She apologized and thanked me for my patience, it was taking an unusual amount of time for the document to load. “You have so many orders in here.” she said, “It should only be a few more minutes.”
“Good grief, please take your time.” I said to myself, inside my exhausted head.
She returned to my side to finish attaching the rest of the twelve leads to the various stickers on my chest. So familiar, how could I almost have forgotten, the sheet of them she held in her left hand.
I remember now, stacks of them, I once practiced with on various GI Joe’s. My son had heart surgery to repair an Atrial Septal Aneurysm in 2010. I spent hours pre-teaching procedures with sheets of these stickers when tolerating that part of the cardiologist visit was like stepping continuously on nails.
She had no idea how much I really was enjoying the stillness and quiet of the room.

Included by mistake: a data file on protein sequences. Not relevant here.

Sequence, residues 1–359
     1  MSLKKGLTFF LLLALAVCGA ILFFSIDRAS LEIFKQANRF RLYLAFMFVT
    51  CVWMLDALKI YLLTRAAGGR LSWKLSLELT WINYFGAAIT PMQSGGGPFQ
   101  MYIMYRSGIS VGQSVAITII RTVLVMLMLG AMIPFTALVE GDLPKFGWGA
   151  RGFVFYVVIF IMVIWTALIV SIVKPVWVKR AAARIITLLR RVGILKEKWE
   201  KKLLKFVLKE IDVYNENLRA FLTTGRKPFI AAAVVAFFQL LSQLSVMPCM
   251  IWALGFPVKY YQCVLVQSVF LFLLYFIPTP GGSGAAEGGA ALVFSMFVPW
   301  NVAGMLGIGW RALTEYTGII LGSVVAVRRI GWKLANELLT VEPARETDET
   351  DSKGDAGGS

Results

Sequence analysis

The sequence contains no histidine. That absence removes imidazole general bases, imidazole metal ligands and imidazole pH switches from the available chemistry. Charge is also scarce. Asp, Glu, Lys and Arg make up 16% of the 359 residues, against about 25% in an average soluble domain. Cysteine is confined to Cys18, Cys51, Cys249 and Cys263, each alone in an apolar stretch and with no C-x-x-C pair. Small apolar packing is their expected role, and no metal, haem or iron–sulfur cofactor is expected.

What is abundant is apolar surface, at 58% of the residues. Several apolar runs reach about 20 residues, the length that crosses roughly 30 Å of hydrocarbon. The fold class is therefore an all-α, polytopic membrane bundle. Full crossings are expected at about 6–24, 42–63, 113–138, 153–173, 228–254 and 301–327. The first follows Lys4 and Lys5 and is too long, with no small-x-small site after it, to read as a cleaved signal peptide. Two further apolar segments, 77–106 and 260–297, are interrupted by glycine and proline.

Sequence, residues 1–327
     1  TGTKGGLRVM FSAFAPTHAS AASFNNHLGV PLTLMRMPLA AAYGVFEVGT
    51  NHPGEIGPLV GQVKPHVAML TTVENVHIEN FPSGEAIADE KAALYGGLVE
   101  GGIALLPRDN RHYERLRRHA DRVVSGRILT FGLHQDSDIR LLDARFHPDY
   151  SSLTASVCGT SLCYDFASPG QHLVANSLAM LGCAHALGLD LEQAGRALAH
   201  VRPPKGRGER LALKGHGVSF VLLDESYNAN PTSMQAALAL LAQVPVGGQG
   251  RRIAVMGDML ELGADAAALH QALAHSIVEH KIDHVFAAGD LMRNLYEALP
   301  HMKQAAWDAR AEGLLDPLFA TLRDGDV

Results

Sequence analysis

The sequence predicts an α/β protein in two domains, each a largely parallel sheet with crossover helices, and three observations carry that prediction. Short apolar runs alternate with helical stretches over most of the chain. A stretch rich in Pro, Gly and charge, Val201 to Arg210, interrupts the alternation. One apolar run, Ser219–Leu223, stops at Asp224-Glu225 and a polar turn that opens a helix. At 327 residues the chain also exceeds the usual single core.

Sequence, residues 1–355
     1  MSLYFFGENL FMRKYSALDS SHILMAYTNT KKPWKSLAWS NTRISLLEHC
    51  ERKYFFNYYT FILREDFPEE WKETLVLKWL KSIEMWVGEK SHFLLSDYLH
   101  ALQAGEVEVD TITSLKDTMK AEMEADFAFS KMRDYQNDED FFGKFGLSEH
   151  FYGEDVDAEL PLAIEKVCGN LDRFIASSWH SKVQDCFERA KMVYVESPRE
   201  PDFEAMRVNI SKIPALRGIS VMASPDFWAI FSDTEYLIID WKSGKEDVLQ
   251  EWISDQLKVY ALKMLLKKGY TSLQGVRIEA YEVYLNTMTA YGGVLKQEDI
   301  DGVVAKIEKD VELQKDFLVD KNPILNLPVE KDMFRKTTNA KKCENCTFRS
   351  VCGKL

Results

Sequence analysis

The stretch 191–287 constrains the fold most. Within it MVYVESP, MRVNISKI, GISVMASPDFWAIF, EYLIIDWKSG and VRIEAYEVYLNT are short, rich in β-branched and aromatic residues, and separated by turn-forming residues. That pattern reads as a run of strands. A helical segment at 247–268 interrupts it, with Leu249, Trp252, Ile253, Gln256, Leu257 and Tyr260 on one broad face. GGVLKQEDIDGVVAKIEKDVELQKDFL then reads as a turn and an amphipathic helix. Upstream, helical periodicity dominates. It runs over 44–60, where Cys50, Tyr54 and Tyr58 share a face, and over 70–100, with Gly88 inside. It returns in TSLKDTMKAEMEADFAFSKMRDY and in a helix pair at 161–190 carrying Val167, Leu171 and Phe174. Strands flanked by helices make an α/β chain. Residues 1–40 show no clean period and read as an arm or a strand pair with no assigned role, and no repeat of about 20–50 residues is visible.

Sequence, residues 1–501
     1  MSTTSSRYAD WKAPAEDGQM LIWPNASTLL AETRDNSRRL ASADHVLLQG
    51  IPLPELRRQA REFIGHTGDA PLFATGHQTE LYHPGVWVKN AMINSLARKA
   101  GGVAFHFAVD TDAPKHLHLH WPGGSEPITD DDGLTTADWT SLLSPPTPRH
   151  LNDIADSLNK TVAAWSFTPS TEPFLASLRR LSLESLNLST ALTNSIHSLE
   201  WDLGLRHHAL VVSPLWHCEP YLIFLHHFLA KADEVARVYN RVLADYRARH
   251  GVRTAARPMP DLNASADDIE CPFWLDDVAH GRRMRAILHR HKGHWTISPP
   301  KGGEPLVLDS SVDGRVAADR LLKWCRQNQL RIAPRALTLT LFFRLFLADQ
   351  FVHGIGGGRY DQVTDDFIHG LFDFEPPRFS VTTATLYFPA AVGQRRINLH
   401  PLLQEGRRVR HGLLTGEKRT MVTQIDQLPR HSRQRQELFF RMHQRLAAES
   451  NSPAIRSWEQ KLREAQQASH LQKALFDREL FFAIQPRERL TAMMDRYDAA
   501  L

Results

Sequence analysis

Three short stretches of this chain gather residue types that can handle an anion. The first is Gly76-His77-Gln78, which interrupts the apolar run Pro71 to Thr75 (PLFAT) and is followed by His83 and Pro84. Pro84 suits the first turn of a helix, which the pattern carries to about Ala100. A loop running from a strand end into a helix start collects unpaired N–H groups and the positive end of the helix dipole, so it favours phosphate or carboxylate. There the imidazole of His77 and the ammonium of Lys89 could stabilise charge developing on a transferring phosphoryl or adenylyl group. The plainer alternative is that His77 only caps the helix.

I could have closed my eyes and slept for an hour, or until I rolled over and the paper beneath me tore.
How hectic a life must really be if a pre-op visit feels calmer than your home.
Finally the waiting for a signature part was complete on the form within her computer.
“I’ll run it through the full cycle.” she announced. “Run it through 53.” I said inside my cluttered head full of worn-out cells. The thrill of a fifteen minute respite, this EKG retreat.
Caregiver breaks arrive in the oddest of places, learning to recognize them for what they are is a gift I give to myself.
“My niece has autism too” she said.
Five words that link a deeper understanding.
“It must really be a lot with a mood disorder and Down syndrome added to that.” Followed with numerous, what I label as, knowing exhales.
There’s not much to say when you know someone sees your hard.
The silence cushions the space, gives grace for the words I don’t need to tell.